Bobby Sneed, a 74-year-old man who has been incarcerated at the Louisiana State Penitentiary at Angola for 47 years, was unanimously granted parole in March. But days before his release, he collapsed in prison and had to be hospitalized.
Prison officials alleged it was an overdose, and that a drug test found he was positive for amphetamines and methamphetamines. As a result, Sneed has remained incarcerated for over a month after his scheduled release date facing disciplinary charges for having contraband in prison. If found guilty of those charges, his lawyer Thomas Frampton warned, he would likely have his parole revoked — and potentially die in prison.
At a disciplinary hearing on Wednesday, Sneed was found not guilty of the contraband charge, Frampton said. (Unlike parole hearings, which are broadcast online, disciplinary hearings are not open to the public.) But immediately following the board’s verdict, they announced a new disciplinary charge against him. They allege he was in the wrong dorm when he collapsed.
Now, Sneed has another disciplinary hearing for the new charge scheduled for Thursday afternoon. If found guilty of that charge, he again faces the possibility that his parole will be revoked and he may spend years more in prison.
“We’ve rocketed past the tragedy stage and are just squarely in the farce stage now,” Frampton said. “Literally in the same breath that they announced that verdict, they informed us that they were alleging a new rule violation.”
Frampton said there was no indication prior to the disciplinary hearing on Wednesday that Sneed would be facing any additional charges.
“Never,” Frampton said. “It’s very common when somebody is brought in front of the disciplinary board for there to be multiple charges — one charge for each rule violation — and at no point between March 25 and today did anyone ever suggest that he might have committed some rule violation other than contraband during this whole process.”
It wasn’t until the disciplinary board — which consists of two members — announced that Sneed was acquitted of the contraband charge that they informed him he would be facing a new charge, Frampton said.
On Wednesday evening, Ken Pastorick, a spokesperson for the Department of Public Safety and Corrections said in an email that “Disciplinary Board actions are still pending.” He did not specifically respond to requests to confirm the result of the hearing, the new charge, or to questions regarding why Sneed wasn’t informed of the new charge prior to the hearing.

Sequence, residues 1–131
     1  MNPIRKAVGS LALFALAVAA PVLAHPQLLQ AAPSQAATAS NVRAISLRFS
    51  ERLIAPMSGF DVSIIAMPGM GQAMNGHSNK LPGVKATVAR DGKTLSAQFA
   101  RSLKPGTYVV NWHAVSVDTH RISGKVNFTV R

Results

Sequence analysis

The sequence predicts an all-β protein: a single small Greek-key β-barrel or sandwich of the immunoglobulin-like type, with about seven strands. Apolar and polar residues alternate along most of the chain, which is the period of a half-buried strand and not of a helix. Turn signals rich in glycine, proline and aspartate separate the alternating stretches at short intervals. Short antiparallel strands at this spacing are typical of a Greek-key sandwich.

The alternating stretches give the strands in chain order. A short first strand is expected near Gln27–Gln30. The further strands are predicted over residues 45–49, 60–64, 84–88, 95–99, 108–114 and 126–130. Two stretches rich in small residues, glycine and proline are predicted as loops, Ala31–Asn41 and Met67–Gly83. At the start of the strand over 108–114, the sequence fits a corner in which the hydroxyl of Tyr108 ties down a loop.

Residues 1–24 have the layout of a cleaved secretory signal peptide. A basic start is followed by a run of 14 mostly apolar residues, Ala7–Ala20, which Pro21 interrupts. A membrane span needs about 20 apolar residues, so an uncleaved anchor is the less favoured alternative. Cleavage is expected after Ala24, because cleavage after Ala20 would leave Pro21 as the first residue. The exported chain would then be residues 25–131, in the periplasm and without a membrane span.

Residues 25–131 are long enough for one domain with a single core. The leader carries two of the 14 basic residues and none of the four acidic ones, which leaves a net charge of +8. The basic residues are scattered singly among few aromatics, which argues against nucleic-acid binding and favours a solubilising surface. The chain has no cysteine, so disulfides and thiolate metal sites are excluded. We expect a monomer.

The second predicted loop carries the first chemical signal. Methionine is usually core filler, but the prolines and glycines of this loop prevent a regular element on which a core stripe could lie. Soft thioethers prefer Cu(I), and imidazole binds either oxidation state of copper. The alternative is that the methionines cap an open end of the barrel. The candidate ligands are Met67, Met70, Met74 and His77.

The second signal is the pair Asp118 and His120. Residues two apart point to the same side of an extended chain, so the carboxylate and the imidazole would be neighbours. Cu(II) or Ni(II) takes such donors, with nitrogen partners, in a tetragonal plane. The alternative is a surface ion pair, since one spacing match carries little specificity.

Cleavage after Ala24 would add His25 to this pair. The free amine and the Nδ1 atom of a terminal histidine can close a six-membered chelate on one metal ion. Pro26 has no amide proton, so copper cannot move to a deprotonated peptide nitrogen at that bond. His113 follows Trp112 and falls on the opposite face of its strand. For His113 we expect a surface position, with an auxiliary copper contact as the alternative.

Francis Abbott, executive director of the Louisiana Board of Pardons & Committee on Parole, said that he had not yet heard any information regarding the results of the hearing or the new charge from the prison. He declined to comment or say whether or not Sneed would have his parole revoked if found guilty of the new charge.
Prior to the hearing on Wednesday, Abbott suggested that if Sneed were found guilty of the contraband charge, it was likely his parole would be revoked. If that were to happen, Sneed would not be eligible for another hearing until March 2022. Even then, the board could deny his request for a new hearing. Frampton said he thought that once revoked, it would be unlikely that Sneed would ever have parole granted again.
In an email Tuesday evening — in response to questions for the initial story about Sneed’s hearing, but following its publication — DOC spokesperson Ken Pastorick said that if Sneed were found guilty of the contraband violation, he would be able to appeal the decision to the warden.
Pastorick also said that Wednesday’s hearing would be “very similar to a court case” and that Sneed would be able make motions for dismissal, continuance, call witnesses, request an investigation, or any other appropriate motions.”